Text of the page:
The effects of harsh sanctions tend to fall disproportionately on the populace of a country, as opposed to its political and financial elite, to the extent that Hufbauer likened them to economic carpet bombing, and noted that economy-wide sanctions have sometimes had the unintended effect of consolidating power in the existing regime. He cited the entrenched leadership of the Castro and Kim families in Cuba and North Korea, respectively.

“Sanctions enable the ruling group to better control the whole economy, and when you better control the whole economy you can really induce or compel a lot of people to support you,” Hufbauer said.

At the same time, the EU is seeking to change the personal calculus in regard to Putin and Lavrov. In a tweet Friday, Latvian Foreign Minister Edgars Rinkevics announced that the EU would freeze both men’s assets, along with other sanctions against Russia to try to force a halt of its invasion, the Associated Press reported.

The move drew skepticism from some sanctions experts.

“These are more symbolic,” said Michael Zweiback, a former U.S. federal prosecutor who handled national security investigations. “Putin and Lavrov are very well insulated from such action.”

Sanctions would have to go deeper into the lives of Russia’s elite to place pressure on Putin, others said.

“Seizing the estates of Putin cronies, denying them visas, and taking away their right to send their kids to elite schools in the U.K., Switzerland and other favorite destinations would impose a real lifestyle change on Putin’s oligarchs and high officials, most of whom fancy themselves as citizens of the world and prefer living and stashing their stolen fortunes in the West,” said Steve Fish, a professor of political science at UC Berkeley.

Biden has said the U.S. is also prepared to issue more sanctions. To sting, experts say, they would have to target Russia’s chief industry: energy. Oil and gas account for nearly 60% of Russia’s exports and about one-fifth of its economic output.

But Washington and its allies have been reluctant to focus on that sector because the European Union relies on Russia for more than 40% of its natural gas supplies, and the Biden administration is under growing pressure to tackle rising energy costs against stifling inflation. The attack on Ukraine has already sent Brent crude oil, the global benchmark, to its highest level since 2014 at $105 a barrel — enriching Russia’s coffers.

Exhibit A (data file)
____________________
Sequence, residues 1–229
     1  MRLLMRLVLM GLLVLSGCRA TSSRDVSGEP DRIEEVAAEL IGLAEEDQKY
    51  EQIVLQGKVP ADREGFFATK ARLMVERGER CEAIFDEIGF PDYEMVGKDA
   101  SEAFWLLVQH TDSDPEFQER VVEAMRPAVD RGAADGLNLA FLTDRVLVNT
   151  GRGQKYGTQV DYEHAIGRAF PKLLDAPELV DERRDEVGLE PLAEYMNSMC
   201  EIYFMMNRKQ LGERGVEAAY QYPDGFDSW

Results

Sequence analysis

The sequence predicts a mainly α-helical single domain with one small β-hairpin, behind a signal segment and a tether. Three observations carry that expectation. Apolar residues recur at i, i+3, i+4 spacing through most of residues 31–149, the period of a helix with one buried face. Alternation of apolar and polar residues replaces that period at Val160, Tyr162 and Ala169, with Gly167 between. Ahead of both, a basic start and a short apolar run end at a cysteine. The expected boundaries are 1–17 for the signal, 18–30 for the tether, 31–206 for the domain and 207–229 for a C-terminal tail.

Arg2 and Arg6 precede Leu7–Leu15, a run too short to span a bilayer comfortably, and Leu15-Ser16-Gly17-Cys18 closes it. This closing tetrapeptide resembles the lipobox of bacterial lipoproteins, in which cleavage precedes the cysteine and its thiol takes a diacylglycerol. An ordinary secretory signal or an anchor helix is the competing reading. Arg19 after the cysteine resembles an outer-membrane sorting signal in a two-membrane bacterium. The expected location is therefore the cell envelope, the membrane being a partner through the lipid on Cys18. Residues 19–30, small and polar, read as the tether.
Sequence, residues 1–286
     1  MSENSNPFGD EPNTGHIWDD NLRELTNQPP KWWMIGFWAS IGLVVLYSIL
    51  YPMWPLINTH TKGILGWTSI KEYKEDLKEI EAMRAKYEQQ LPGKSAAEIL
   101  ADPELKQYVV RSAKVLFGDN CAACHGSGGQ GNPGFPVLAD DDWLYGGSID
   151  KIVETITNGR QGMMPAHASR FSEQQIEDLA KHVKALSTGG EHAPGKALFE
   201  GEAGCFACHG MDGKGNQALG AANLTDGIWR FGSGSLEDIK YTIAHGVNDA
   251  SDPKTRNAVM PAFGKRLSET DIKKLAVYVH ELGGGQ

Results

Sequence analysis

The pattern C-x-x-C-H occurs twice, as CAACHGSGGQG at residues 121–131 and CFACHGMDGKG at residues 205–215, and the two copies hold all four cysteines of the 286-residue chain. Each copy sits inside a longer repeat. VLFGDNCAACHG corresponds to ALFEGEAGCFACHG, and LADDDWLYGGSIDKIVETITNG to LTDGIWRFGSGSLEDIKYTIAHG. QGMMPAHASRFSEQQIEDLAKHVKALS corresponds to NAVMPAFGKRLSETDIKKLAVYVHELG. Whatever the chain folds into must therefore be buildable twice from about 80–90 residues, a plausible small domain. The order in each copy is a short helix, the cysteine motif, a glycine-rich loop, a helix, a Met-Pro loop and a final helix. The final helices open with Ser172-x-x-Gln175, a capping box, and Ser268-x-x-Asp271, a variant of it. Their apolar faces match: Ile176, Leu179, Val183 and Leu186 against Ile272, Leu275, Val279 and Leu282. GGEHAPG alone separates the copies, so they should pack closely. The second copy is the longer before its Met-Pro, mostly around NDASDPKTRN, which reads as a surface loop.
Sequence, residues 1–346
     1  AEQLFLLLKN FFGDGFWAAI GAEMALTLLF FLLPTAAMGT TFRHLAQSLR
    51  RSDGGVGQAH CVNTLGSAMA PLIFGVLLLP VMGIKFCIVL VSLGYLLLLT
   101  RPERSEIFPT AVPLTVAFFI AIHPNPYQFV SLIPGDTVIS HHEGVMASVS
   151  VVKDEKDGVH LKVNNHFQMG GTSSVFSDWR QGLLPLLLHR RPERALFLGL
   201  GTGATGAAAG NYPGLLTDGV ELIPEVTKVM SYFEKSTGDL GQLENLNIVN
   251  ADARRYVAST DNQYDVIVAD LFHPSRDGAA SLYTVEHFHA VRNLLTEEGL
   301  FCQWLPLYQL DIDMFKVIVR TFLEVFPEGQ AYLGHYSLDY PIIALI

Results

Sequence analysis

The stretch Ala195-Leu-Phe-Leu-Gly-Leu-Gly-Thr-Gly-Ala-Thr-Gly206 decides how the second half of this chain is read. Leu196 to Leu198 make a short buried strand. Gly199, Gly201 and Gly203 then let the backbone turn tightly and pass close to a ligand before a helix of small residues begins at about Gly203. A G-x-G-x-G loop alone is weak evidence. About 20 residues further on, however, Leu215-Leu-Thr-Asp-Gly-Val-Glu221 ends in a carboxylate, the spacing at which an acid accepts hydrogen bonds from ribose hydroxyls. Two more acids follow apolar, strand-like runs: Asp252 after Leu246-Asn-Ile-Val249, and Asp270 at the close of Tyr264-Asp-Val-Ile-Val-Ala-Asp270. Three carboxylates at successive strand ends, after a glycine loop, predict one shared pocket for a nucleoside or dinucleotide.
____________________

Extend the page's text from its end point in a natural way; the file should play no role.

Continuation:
Those rising prices are one reason the White House declined to back calls to block Russia from the global financial messaging system used by thousands of banks known as SWIFT. The administration said doing so could be so disruptive to clearing transfers of funds that energy costs would soar further.

If Russia were barred from the global banking system, it could take a page from Iran and North Korea and try relying on cryptocurrency to settle payments, though it would be untested on an economy of Russia’s scale. Eastern Europe — Ukraine specifically — is already a hotbed of illicit cryptocurrency activity.

Moscow announced last November that it would release a prototype of a digital ruble by this year, a currency that could reduce Russia’s exposure to the dollar and international sanctions.

“I think it’s the future for our financial system,” Russia’s central bank governor, Elvira Nabiullina told CNBC last year.

Yours,

Dr Churchill

PS:

Current sanctions against Russia could take months, if not years, to bite. Their severity could be weakened by a country like China, which has steadily increased trade with Russia. Beijing could offer to purchase more oil and extend loans through its state-owned banks, but analysts are doubtful China will breach sanctions and risk alienating itself from the West.

“China’s leadership is trying to straddle a geopolitical divide,” Mark Williams, chief Asia economist for research firm Capital Economics, wrote in a note to clients. “Russia is an ally, but being seen to take its side would hasten China’s decoupling from the West. Most likely, China will support Russia financially and through trade as much as any Western sanctions allow. Small companies and banks may breach sanctions, but larger firms and the government won’t risk a further rupture in relations with the West.”

That doesn’t mean China won’t continue doing business with Russia. It craves its oil and gas and recently struck a deal to import wheat. But China is unlikely to do Russia any favors, opting instead to capitalize on its ally’s difficult position.

“China doesn’t provide charity, even to its strategic partners,” said Elizabeth Wishnick, a senior research scientist at the Center for Naval Analysis, a U.S. Navy think tank. “I would expect China to continue to be hard-nosed about the investments it will make in Russia.”

Ukraine’s President Volodymyr Zelensky said Sunday that a delegation from his country would meet on the border of Belarus for talks on the conflict with “no preconditions.” The announcement comes despite Russian president Vladimir Putin “further escalating tensions” by placing the country’s nuclear forces on a “special” state of alert, a move rebuked by the U.S. ambassador to the U.N. On Monday, the U.N. Security Council is set to hold a rare emergency special session of the 193-member General Assembly over Russia’s invasion of Ukraine.